How would this work Ian? How could there be a “left populism” when even FDR would be considered reactionary and right wing on this issue by today’s standards?

  7. highrpm permalink
    June 12, 2017

    sanders: a socialist campaigner, clearly left of obomber/ hillacious, convinced me to send donations and then caves at the end and turns demo party man. wtf? partisan politics? an ugly reality of human nature of the awesome power of belief and the humanoid weakness of accepting what the big screener manipulators do so well, controlling the narrative.

  8. bob mcmanus permalink
    June 12, 2017

    I agree the “tide has turned,” sorta, though as a process that has been building for a long time. In Marxian terminology the contradiction between the forces of production and the social relations have become untenable with the old institutions. Computers, social media, deindustrialization, identity politics and individualism, devolution,etc have made the old structures of welfare and state capitalism obsolete. But like the old compromises that continued capitalism sustained by military Keynesianism, I don’t think neoliberalism will disappear but be included in a new synthesis that may look something like anarchy (for those of us who don’t matter, meaning most) plus tyrannical corporatism with incredible privilege and power for those who can gain access. Maybe Peter Frase’s “rentier” future.

    For example, if global warming is to be mitigated (it won’t be stopped) it will be local and small-scale, with domed gated communities for the elite, and domes built of old tin cans and cracked LCD screens for the those of us. A lot of sf writers are getting it right. Gibson, Stross.

    I also am looking at Japan, which manages a rough equality without centralized gov’t spending.

    As far as currrent events go, I suspect Macron will prove intolerable, and the French, as is their habit, will hit the streets. That will be a tipping point, Greece Spain and Italy (Corbyn’s Britain?) will join in, and chaos, Trumpian dysfunction, not fascism, is in our near future.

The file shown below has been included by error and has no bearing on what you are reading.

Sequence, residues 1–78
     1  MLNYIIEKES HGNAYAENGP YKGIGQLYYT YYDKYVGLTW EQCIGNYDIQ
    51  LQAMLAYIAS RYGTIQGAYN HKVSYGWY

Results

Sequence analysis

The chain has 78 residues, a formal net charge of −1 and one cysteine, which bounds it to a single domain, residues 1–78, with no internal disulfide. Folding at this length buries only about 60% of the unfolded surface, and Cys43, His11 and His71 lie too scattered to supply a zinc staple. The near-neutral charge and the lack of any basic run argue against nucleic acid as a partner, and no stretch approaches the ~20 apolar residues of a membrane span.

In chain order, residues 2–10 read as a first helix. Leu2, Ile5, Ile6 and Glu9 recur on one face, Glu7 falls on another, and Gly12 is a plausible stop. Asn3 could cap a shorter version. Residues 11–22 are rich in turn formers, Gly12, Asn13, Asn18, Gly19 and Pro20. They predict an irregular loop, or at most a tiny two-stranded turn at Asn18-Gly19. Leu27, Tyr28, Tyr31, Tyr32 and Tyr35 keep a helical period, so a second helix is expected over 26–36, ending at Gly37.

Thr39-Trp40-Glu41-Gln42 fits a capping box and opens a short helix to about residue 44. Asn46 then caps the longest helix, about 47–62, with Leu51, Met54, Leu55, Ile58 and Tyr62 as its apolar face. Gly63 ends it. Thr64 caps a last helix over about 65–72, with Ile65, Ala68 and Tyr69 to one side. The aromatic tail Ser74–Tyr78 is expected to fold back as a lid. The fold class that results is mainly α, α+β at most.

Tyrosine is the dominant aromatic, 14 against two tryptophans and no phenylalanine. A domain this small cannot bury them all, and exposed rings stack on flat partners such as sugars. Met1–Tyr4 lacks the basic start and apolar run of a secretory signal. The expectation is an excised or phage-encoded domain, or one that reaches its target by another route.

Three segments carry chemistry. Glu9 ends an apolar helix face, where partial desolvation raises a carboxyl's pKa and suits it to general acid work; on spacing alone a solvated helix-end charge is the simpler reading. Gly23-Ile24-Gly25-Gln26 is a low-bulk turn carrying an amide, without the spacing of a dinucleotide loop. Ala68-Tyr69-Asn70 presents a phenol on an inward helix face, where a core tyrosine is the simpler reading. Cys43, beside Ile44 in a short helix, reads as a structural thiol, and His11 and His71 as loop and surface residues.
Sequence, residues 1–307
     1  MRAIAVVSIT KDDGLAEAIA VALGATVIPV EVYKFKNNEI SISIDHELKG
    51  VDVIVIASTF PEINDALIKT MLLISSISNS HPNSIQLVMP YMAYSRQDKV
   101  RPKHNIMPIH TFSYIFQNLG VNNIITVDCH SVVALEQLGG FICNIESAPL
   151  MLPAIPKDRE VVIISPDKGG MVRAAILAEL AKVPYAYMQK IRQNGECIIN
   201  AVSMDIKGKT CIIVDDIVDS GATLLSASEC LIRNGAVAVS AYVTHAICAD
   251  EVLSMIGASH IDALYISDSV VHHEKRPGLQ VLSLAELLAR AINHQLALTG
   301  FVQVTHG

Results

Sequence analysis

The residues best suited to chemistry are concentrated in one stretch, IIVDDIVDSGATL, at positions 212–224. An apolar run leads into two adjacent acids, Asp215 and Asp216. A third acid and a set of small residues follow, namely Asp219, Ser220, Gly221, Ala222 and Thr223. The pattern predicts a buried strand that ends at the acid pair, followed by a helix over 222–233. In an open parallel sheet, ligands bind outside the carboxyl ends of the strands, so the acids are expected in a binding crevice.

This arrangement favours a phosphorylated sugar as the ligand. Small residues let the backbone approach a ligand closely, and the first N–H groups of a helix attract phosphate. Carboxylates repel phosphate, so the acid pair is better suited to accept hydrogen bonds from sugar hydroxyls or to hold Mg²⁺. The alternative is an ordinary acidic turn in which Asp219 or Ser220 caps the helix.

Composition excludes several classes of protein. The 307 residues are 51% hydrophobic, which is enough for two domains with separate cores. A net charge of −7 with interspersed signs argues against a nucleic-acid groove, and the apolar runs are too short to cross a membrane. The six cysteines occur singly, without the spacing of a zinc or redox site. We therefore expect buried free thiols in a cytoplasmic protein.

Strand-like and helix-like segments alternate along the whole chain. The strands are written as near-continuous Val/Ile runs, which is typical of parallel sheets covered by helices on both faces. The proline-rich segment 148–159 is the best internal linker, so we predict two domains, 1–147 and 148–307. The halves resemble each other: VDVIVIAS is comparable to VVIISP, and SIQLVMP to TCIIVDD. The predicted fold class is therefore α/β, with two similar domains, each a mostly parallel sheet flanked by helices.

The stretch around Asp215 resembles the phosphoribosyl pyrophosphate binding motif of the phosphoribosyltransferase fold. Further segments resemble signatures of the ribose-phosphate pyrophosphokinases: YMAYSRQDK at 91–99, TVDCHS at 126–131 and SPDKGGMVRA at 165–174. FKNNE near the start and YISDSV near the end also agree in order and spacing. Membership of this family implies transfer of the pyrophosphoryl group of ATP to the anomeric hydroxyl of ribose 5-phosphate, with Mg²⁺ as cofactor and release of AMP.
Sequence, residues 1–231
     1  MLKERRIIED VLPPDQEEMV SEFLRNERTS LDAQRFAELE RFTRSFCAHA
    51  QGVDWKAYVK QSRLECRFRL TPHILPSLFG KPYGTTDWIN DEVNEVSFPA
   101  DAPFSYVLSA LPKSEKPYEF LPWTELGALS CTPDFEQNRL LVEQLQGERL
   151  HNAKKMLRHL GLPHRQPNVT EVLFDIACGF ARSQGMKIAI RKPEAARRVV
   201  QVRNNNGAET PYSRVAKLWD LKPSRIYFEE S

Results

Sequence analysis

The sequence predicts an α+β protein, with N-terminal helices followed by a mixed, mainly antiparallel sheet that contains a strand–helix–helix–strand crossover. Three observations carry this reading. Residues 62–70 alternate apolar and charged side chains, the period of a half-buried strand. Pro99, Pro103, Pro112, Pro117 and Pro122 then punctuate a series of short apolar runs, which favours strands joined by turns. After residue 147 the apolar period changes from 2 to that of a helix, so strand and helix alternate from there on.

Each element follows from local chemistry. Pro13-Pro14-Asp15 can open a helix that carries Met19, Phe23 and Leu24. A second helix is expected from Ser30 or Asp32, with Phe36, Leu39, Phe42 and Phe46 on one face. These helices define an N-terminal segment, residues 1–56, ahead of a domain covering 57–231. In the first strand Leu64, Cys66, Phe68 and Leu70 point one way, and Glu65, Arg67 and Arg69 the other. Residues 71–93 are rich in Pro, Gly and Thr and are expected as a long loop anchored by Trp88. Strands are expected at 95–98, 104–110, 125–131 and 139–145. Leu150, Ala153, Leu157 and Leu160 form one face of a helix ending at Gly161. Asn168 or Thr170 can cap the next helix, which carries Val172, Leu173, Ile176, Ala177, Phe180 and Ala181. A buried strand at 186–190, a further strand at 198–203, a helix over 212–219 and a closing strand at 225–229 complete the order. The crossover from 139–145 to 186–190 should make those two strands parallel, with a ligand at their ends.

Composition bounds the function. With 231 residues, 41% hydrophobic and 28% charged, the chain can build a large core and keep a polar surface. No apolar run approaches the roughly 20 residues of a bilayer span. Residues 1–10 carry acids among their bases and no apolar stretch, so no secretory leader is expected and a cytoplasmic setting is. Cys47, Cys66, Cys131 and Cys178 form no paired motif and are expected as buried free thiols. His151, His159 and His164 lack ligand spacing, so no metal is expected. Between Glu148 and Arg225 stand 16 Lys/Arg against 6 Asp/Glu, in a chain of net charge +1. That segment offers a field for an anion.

9. The Stephen Miller Band permalink
    June 12, 2017

    Yeah, he’s bad and he’ll be bad for a lot of people, but I am not worried when it comes to the big picture because he’s incompetent. I never thought he’d be Hitler and the idea that he will launch a successful coup is now completely risible: he is far too incompetent.

    I agree he himself could never be involved in a coup. He’d foil it. But speaking of foiling and foils, maybe Trump is a foil in all of this and not the foiler. Perhaps he is the pretext for an arranged coup. Any way you slice this, it’s good for Putin. Putin wins if America devolves into Civil Strife & Civil War. Putin wins if America implements a Military Coup because it will no longer be that City of Freedom on the Hill — the Democratic Beacon of Light it has so long claimed to be.

    The only way Putin doesn’t win is if a True Populist Uprising takes place that wrests power from The Rich and deports them all to Russia. Then we can deal with Putin on our terms and not the The Rich’s terms or The Deep State’s terms. I don’t want to surround Russia with missiles. I don’t want to turn former Soviet Satellite States into bastions of planet & soul destroying NeoLiberalism. I want no more Imperialism in all its manifest forms, so, when and if that Populist Uprising that wrests control from The Rich takes place and America ends its era of Imperialistic Hegemony for good, it also doesn’t do so blindly and naively without considering the physical maxim that power vacuums are filled by something, and that something is rarely a good thing or even better than what came before and is often times worse if the power vacuum phenomenon is not considered and taken into account.

    Is Trump The New Pearl Harbor?

  10. Ché Pasa permalink
    June 12, 2017

    I saw a headline: “Trumpism is crumbling worldwide” which is kind of silly, but oh well. Headline writers are known for their turn of phrase, not their insight.